Tuesday, July 25, 2017

Breast Cancer Girls: to Out Oneself at Work or Not ? Pros and Cons

If you don't tell the folks at work, you have the fun of being the local Rorschach test. 
I just met up with a colleague who hadn't seen me since my wig--we had to give an exam together. He's a scholarly Irishman, entirely buried in his work, so much so that I was counting on him not noticing anything different about me. But he glanced up from his coffee with that startled look--followed by a look of horror--the one typically preceding a remark from one of the secretaries about what a nice new hairdo I have. With frozen politeness that belies the shock they can never quite hide, they say, "Short for summer, right?" and I smile back and thank them. 
This guy said, nervously, "Well, now, you've really remade yourself completely!" His eyes flicked me over and the scholar in him took over--having processed the data, he felt driven to assess: "Was it a mid-life crisis, now?"
I smiled. "A mid-life crisis is as good a name as any."
He smiled back as if he now knew just what the situation was: "Well, now, don't worry--it'll be over soon!"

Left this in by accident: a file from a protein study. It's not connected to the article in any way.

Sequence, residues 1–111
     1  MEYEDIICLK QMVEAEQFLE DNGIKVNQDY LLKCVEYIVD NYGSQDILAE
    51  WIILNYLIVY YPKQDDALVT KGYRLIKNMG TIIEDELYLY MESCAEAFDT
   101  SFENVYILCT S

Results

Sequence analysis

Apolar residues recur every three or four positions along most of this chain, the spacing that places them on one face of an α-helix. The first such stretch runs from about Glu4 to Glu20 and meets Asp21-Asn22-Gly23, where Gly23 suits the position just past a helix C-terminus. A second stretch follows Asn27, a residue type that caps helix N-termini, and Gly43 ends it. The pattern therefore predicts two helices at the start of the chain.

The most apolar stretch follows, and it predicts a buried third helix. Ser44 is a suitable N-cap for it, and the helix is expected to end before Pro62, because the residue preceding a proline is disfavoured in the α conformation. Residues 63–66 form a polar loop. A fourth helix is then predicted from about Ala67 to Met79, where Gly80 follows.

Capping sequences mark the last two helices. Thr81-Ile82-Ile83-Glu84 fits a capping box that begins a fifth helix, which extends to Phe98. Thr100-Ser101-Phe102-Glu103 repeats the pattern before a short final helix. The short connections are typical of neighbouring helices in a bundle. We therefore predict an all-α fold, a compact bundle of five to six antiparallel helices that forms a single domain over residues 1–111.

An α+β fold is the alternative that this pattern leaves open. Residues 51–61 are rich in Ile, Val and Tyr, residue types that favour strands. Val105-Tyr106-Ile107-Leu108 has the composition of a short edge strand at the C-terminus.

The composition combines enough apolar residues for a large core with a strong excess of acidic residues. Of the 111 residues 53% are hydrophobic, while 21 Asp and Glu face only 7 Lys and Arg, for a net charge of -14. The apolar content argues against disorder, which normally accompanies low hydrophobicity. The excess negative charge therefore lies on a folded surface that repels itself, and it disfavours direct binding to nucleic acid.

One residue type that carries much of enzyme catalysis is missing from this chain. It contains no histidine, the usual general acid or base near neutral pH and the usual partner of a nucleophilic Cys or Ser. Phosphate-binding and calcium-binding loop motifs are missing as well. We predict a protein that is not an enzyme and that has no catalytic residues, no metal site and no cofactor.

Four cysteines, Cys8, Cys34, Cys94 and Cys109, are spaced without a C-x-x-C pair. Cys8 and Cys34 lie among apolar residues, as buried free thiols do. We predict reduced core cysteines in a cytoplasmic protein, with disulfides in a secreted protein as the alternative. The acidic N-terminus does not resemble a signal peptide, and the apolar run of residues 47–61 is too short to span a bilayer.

See? Rorschach test. He looked at the ink blots and thought "menopause." I'm kind of flattered. Yeah, as in, "Gee! I look young enough to be just starting menopause?" 
If you go ahead and tell the folks at work that you had cancer, you never get to hear stuff like this, and I must say, I enjoyed hearing it. 
I didn't tell because I didn't want people rushing up and asking how I was, with a look of tragic fear in their eyes that screamed, "Are you going to get so sick I have to teach your courses for you or give your exams, or worse yet, clean up some mess created by your cancer-riddled brain?" Or maybe they'd do what I would have done, in fact, did do, when another colleague came down with breast cancer. I wondered what she'd done to deserve this. Not that she'd done anything. But she must have had an unhappy this or an angry that or taken too much whatever. I would much rather have thought she'd done some preventable thing than feel the full force of how unpredictable life is. Only I am predictable: must have been the clomid I took to increase fertility. Or the red wine. Or drinking out of plastic bottles. Or using lipstick and hair dye. Or . .  .
So, for me: tell your family. They will help you through an illness. But the folks at work are unpredictable. If they're like me before I had cancer, I wouldn't tell them. 


  1. How much to share with co-workers is always hard. I wouldn't either.Here from Power of the Pen. Best wishes.

  2. Thanks. And not sharing does make life more interesting: the guesswork surrounding my "hairdo" is fascinating.